Death halted the strenuous career of Gov. Benjamin F. Overton on February 8, 1884, in the concluding year of his fourth term as Governor of the Chickasaws. He was succeeded by Ah-chuckah-nubbe, the president of the tribal senate who survived but a few weeks, and in April the legislature convened and chose Jonas Wolf as governor to conclude the vacancy occasioned by the deaths of Overton and Ah-chuck-ah-nubbe. In the succeeding general election held in August, 1884, Gov. Wolf was elected for the regular term of two years as the candidate of the Pullback Party. He had supported the policies of Gov. Overton although his posture was much milder. He was adverse to the allotment of the tribal domain. Immediately upon his induction into office he summoned the legislature in a special session and on May 8, 1884, delivered his initial message to that body. Touching the freedman situation he advised the legislature,
I would further suggest that in view of the bill now pending the Congress of the United States, providing for the adoption of the freedmen, residing in the Chickasaw Nation, as citizens of said Nation which if passed by Congress would result in great injury to the Chickasaws as a people, that you take such action in the premises as your wisdom seems best for the interests of the people.5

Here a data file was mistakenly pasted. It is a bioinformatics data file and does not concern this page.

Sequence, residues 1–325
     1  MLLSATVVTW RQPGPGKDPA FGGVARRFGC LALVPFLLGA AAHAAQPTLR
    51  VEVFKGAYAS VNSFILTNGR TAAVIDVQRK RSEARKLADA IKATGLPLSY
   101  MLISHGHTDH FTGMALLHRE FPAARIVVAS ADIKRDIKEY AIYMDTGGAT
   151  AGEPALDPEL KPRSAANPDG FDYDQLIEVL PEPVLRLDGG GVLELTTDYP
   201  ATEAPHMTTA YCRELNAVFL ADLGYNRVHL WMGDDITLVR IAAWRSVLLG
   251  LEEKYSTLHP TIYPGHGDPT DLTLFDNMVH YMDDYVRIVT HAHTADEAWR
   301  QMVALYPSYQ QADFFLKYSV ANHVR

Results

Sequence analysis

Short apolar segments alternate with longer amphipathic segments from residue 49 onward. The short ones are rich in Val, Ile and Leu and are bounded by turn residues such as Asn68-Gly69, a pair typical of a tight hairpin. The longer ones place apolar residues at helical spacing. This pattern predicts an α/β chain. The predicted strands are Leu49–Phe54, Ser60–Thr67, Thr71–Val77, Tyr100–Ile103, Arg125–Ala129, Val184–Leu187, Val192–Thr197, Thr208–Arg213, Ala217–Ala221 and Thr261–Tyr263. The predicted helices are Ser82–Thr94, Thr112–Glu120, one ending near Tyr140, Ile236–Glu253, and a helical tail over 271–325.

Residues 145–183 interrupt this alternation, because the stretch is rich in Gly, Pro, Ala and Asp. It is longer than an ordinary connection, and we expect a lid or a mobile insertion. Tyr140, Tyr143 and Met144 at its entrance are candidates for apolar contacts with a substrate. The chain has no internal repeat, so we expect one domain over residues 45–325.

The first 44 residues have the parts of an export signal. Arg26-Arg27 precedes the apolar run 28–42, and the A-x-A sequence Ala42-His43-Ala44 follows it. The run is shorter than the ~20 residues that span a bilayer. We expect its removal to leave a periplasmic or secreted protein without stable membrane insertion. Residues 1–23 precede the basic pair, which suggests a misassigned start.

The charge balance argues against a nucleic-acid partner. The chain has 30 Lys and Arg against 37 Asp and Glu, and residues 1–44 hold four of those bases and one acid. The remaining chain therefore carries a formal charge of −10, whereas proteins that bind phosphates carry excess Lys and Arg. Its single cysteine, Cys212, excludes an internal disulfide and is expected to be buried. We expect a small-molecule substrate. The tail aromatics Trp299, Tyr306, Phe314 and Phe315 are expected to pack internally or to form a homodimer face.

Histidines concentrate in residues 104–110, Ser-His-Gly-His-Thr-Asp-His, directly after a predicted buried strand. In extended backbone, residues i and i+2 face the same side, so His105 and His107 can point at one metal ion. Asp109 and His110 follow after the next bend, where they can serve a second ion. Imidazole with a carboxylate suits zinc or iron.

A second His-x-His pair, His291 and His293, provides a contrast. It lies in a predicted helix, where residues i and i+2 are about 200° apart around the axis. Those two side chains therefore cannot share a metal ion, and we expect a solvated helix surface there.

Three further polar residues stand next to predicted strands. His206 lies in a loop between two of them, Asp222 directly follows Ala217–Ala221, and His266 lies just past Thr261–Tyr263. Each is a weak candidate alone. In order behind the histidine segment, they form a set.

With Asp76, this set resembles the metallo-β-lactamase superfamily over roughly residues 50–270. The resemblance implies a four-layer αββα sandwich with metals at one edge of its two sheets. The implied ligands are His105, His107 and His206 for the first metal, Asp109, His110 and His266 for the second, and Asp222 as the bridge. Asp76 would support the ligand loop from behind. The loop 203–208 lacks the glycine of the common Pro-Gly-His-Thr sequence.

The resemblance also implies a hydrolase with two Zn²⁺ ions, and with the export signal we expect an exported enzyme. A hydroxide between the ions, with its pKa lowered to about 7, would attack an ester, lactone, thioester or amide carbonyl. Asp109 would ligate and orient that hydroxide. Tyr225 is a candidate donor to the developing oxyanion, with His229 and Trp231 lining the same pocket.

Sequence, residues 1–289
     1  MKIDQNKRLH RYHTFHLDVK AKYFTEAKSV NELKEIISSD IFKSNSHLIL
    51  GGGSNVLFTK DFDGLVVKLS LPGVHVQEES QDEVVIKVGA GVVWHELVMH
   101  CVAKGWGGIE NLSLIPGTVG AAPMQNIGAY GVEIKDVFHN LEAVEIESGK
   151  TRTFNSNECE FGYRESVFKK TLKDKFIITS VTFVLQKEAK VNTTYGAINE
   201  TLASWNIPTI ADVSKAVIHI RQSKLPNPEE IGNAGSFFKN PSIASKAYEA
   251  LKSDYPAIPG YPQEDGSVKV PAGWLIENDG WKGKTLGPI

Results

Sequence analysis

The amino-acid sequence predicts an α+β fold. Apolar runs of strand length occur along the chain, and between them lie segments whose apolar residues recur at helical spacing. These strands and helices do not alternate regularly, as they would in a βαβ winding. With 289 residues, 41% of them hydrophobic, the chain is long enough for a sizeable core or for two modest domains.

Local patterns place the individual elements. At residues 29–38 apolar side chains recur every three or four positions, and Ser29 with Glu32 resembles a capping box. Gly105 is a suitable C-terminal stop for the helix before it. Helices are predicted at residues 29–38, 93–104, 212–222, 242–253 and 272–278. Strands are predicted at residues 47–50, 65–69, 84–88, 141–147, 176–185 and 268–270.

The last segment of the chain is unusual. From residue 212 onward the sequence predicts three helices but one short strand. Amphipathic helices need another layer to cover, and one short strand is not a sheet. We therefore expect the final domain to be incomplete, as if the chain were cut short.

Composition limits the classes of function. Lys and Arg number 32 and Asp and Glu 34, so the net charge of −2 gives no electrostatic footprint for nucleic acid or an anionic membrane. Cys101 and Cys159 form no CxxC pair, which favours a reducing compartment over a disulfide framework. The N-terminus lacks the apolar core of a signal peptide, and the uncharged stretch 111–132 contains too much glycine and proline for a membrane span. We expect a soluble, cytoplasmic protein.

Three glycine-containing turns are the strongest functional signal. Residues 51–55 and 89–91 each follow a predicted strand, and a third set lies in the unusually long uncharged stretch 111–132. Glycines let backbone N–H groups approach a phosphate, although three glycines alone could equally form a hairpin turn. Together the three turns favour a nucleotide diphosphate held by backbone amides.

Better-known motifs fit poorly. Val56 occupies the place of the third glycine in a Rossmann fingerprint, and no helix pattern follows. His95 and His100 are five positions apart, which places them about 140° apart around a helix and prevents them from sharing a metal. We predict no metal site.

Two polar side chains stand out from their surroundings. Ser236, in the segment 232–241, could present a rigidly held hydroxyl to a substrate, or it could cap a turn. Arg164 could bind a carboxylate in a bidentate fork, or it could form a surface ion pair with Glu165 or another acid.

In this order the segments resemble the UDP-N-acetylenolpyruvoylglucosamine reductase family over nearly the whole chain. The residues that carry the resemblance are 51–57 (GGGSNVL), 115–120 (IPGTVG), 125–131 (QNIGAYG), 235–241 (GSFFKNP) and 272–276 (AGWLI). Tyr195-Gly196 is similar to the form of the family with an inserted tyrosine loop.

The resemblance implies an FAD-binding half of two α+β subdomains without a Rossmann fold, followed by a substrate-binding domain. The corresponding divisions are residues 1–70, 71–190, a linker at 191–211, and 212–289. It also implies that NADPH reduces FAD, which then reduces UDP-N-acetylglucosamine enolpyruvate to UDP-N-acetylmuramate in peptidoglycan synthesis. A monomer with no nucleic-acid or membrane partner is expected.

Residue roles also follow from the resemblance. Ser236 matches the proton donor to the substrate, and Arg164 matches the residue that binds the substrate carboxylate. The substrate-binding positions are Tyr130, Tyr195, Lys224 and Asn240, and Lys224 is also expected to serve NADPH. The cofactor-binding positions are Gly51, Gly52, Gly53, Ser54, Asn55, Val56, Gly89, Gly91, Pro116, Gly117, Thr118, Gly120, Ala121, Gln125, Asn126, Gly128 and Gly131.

The Chickasaws so far had parried successfully the efforts of the Government to enforce the adoption of the freedmen into the tribe although the other tribes had yielded. The influx of white intruders was beginning to imperil the political autonomy of the Chickasaws. In his message to the legislature on September 3, 1884, Gov. Wolf admonishes,
The Chickasaws are few in number but are still ample and sufficient to maintain ourselves as a government and I would advise that you have an eye solely to that one important object. Lay all your prejudice and selfish motives aside and labor for the general good and interest of your country and people.6
The first term of Gov. Wolf was rather uneventful save as he exerted every effort to prevent further intrusions of the whites. He issued proclamations forbidding the issuance of more permits to traders and physicians. In the fall of 1886, Gov. Wolf was denied a second consecutive term and William L. Byrd became the candidate of the Pullback Party but suffered defeat, and William M. Guy was chosen. The two terms of Gov. William L. Byrd succeeded the one term of Gov. Guy and in August, 1892 Gov. Jonas Wolf was chosen Governor of the Chickasaws for a second term, succeeding Gov. Byrd. He was pitted against Colbert A. Burris of the Progressive Party, whom he defeated by a narrow margin.